Israel’s Teva Pharmaceutical Industries says that it will begin late-stage studies on the novel multiple sclerosis candidate laquinimod, along with its Swedish partner Active Biotech.
The firms are to begin two Phase III clinical trials this year, taking place in the USA, Europe and other locations, following the successful conclusion of a second Phase II study of laquinimod, a novel once-daily, orally administered immunomodulatory compound for the treatment of relapsing multiple sclerosis.
Results from the 36-week, randomised, double-blind, placebo-controlled Phase IIb trial demonstrated that an oral 0.6mg dose of laquinimod given daily significantly reduced magnetic resonance imaging-monitored disease activity by 40% in MS patients and was well tolerated. A previous 24-week Phase IIa trial conducted by Active Biotech, which developed the drug and licensed it to Teva in June 2004, revealed that oral 0.3mg laquinimod given daily was well tolerated and reduced the formation of active lesions.
Teva is best-known as the world’s biggest generics manufacturer but the news on laquinimod is an example of Teva’s desire to expand its brand name franchise. This is led by its MS treatment Copaxone (glatiramer acetate), which had first-quarter sales of $401 million, an increase of 22%, out of total group turnover of $2.08 billion.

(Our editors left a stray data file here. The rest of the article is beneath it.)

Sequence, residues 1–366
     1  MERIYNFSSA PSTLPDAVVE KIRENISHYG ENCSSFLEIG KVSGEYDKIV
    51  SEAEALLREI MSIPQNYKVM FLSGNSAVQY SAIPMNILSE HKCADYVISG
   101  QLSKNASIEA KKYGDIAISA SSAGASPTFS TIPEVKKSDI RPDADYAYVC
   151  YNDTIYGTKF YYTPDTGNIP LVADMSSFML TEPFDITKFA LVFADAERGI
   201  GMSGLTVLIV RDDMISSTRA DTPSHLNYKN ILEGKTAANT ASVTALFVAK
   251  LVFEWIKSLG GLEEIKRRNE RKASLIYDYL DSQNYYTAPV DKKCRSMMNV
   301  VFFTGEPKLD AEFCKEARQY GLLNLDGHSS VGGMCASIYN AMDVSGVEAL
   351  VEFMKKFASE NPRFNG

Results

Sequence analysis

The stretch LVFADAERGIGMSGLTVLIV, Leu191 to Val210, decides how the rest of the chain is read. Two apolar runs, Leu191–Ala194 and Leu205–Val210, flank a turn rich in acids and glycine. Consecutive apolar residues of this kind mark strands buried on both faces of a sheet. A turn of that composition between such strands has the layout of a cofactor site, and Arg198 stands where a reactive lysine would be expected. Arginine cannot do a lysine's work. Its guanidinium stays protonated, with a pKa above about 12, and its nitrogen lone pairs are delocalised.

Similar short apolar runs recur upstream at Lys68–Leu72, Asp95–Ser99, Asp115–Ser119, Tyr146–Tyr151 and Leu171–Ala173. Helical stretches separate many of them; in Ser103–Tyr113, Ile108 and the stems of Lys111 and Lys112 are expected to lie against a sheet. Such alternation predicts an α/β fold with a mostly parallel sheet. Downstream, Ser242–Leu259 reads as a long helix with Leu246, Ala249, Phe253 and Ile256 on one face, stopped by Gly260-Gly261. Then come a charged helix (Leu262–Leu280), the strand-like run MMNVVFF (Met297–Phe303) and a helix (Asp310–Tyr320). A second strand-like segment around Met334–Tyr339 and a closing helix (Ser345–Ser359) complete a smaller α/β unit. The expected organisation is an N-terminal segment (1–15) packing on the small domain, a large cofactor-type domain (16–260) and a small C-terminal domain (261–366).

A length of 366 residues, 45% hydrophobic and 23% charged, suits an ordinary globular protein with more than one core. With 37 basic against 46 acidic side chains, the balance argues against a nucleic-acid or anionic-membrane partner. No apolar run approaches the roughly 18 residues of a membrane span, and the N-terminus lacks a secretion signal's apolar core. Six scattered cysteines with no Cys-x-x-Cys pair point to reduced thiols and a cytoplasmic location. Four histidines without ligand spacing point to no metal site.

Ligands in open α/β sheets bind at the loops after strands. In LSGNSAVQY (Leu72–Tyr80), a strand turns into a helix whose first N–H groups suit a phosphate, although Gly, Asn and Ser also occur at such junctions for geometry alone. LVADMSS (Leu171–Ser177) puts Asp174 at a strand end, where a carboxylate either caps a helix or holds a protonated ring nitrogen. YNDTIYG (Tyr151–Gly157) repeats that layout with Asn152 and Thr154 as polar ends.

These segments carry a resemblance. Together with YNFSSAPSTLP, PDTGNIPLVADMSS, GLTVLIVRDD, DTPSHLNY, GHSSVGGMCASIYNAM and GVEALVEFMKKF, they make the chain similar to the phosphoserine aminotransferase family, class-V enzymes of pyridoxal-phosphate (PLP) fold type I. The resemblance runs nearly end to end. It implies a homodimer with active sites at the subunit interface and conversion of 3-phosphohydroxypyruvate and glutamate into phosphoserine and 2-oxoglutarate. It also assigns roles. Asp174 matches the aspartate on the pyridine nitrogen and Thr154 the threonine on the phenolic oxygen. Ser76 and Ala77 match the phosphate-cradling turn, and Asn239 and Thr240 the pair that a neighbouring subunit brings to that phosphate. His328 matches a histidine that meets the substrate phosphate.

Approval for Copaxone one-month syringe
Teva will be hoping that that figure will rise further still, especially since the firm announced, along with partner Sanofi-Aventis, that their application for up-to-one-month room temperature storage of a Copaxone pre-filled syringe has been approved by the US Food and Drug Administration and in Europe under the Mutual Recognition Procedure. Prior to this approval, it could only be stored for up to seven days.
All this good news for Teva was compounded by an upgrade by Credit Suisse from ‘neutral’ to ‘outperform.’ The analysts said that new growth drivers for the company would include generic versions of Purdue Pharma's Oxycontin (oxycodone), Merck & Co’s Fosamax (alendronate) and Novartis’ Lotrel (almodipine/benazepril), adding that Teva should be a main beneficiary of any change to the law regarding biogenerics in the USA.